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Check out my Top 250 Films: http://www.imdb.com/list/AlZrHbQge2s/
201-250 are listed alphabetically.
Vanilla Sky (2001)
A Drug You'll Take Again and Again
"Vanilla Sky" is about a drug. It's a familiar drug that every man tries once in his life, whether consciously or not. In the film, that drug is Sofia (Penelope Cruz). She embodies lovethat intoxicating drug that gives David (Tom Cruise) a high that permanently shifts his normal. In other words, his mood will never be the same again without it.
David, a guy so perfect that a single gray hair is unacceptable, is seemingly forced towards humility after suffering a disfiguring accident shortly after meeting Sofia. However, it is not humility he achieves, but a curse that transcends any kind of physical deformity. David has to have that drug again, so he desperately seeks out his previous normal state, taking drastic measures to make it a reality.
Both Cruise and Cruz play idealized characters. Cruise plays a meticulously perfect big shot, who is only likable because of his abundance of confidence and charm. Meanwhile, Cruz is the natural kind of perfect, and is as desirable as she is pure (she met his friend at a library!). It is no surprise that they were a pair in real life because their puppy love is authentic and palpable (an emotional stage on par with "A Lot Like Love" and "Like Crazy"). I could not help but smile. And Cameron Diaz is utterly frightening as the irrationally clingy stalkerevery man's worst nightmare.
The film just exudes replay value. It is a cerebral ride along the lines of "The Butterfly Effect", "Eternal Sunshine of the Spotless Mind", "Source Code", and "The Fountain"all loose-reality based films where a man obsesses over a woman.
Vanilla Sky is pure ecstasy and an enthralling cinematic escape. It's a drug I want to take again and again.
Side Effects (2013)
Soderbergh Does Drugs and Does Them Well
Side Effects is a psychological thriller centered around the pharmaceutical industry. I won't say much more for fear of spoiling anything, but let's just say an experimental drug prescription goes... haywire. ;)
Steven Soderbergh crafts his suspense from the very first frame with a perfect start for the film. The plot then pulls us in and keeps us guessing as the mystery slowly unfolds. The cast meshes wonderfully. Jude Law delivers a strong lead as the frustrated psychiatrist and Rooney Mara is mysterious and unpredictable. My only complaint is the performances were not as dramatic as they could have been. Mara was excellent at portraying her character's cold and lifeless depression, but I have seen what she is really capable of (Fincher's "The Girl with the Dragon Tattoo"), and she could have definitely reached those heights with this type of character. Nonetheless, a fine set of performances all around, but they take a back seat to the intoxicating narrative.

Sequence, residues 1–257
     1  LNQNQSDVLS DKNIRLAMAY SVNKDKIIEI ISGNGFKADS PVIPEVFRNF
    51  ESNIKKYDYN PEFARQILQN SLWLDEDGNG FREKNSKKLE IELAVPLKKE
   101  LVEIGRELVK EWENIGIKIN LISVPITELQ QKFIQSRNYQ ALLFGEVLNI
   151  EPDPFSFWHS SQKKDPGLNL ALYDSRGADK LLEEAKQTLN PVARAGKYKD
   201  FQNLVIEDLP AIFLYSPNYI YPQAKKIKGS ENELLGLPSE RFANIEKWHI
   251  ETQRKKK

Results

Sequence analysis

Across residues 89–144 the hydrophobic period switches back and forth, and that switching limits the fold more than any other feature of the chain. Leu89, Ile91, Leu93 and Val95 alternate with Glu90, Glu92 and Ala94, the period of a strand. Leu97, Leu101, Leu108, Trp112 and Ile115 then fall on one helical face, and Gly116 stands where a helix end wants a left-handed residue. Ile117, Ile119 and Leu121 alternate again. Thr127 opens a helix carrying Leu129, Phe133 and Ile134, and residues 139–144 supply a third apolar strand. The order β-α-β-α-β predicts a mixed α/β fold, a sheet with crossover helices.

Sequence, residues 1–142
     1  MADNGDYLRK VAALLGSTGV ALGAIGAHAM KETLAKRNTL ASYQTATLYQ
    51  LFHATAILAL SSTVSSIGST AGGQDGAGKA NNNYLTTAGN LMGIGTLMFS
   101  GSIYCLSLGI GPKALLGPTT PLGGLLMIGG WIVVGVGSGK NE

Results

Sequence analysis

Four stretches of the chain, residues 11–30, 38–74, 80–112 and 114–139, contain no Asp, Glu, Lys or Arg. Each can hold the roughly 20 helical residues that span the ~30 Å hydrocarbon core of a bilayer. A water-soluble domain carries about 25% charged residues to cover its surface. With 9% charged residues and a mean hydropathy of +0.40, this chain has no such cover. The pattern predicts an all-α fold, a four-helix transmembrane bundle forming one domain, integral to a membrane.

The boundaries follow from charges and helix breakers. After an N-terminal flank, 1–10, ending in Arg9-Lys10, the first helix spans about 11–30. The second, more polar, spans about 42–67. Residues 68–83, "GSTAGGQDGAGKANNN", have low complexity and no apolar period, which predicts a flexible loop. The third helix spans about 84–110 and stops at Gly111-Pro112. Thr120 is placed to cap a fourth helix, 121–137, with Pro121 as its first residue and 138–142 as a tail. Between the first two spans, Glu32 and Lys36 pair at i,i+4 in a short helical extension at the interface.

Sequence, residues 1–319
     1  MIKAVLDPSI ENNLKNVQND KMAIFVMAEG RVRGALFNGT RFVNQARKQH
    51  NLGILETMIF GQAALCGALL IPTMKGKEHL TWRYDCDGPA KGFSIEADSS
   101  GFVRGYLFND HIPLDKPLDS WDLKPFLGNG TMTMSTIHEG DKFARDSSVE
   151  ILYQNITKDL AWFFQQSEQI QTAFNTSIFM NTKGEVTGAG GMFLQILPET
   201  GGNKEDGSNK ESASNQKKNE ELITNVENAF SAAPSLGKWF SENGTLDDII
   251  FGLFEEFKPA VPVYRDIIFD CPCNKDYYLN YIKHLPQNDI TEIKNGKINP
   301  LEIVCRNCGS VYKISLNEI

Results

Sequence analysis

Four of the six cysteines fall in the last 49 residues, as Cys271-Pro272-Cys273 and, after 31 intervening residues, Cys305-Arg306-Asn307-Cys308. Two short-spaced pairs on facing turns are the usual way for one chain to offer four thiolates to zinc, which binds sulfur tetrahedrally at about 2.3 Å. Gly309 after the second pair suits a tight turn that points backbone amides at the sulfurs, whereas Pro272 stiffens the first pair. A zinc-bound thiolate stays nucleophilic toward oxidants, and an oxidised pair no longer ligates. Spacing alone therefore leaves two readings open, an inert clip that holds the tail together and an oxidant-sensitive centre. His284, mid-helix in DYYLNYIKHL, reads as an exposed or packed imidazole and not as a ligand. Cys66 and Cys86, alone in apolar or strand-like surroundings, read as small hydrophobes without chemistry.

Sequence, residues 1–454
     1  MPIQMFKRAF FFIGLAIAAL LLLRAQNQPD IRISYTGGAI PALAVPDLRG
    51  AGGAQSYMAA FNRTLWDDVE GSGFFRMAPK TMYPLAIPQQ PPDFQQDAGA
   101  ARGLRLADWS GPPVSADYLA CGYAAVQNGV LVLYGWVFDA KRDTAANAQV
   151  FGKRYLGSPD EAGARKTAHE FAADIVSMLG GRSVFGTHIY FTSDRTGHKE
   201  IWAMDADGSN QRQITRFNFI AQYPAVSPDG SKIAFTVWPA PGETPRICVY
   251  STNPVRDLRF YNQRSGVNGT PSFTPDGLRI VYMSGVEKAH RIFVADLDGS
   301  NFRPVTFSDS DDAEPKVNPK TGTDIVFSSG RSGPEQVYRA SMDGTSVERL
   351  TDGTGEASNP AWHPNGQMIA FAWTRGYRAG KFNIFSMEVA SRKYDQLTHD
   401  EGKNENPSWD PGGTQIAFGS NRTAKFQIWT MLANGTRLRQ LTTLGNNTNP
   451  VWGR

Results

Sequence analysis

So is Side Effects Soderbergh's last hurrah? I certainly hope not, as it's probably my favorite film of his. I do wish Soderbergh got more range out of Mara, but the result is a satisfying and expertly-woven psychological drama packed with twists and turns.
Kôkaku Kidôtai (1995)
Cerebral and Groundbreaking
Mamoru Oshii's Ghost in the Shell is a science fiction anime film that raised the bar for Japanese animation. Its complex woven narrative is set in a society where being a full-flesh human is no longer the norm. Is humanity losing its existence or is it loosely defined? Cyborgs are part human, part machine, and a continuation of a previously "whole" human entity. Major Motoko Kusanagi, a full-replacement cyborg in the national security division Section 9, is investigating a mysterious hacker who goes by the name "The Puppet Master." It may be apparent throughout the film that many of its aspects and ideas have been borrowed for other films such as The Matrix (source code; plugging into the network) and Inception (diving into another's conscious).
Ghost in the Shell's portrayal of the significant role of networking in society appears strange and exaggerated to us but carries with it a strong familiarity and subtle message. Our reliance on networking is similarly demonstrated in The Matrix, but GITS takes it beyond questioning the basis of reality by turning to the self. The dualistic nature of mankind's existence is so prominently explored that it is reflected by the film's title itself. Physical vs. metaphysical mind vs. body the ghost vs. the shell. Cartesian dualism is a theory that the mind and body interact yet remain distinct from one another. Major Kusanagi contemplates what determines the identity of an individual. What defines life? Almost entirely artificially constructed, she questions her own existence. Is the ghost distinct from the shell? When someone is ghost hacked, they no longer have memories. So is the ghost (a loose metaphor for mind) what defines the self? Her resolution is reached as she merges with the Puppet Master, who suggests that life is simply a component of the network of all things. After the merge, the major and hacker share one entity with a blueprint for regeneration and become an integral part of the network by achieving a higher consciousness. The chief of Section 6 refers to the Puppet Master as a self-preserving program to which the hacker objects that by that logic, the human genome is no different. The Puppet Master claims to be a ghost born "within the flow of information" and goes on to define life from a person's memories.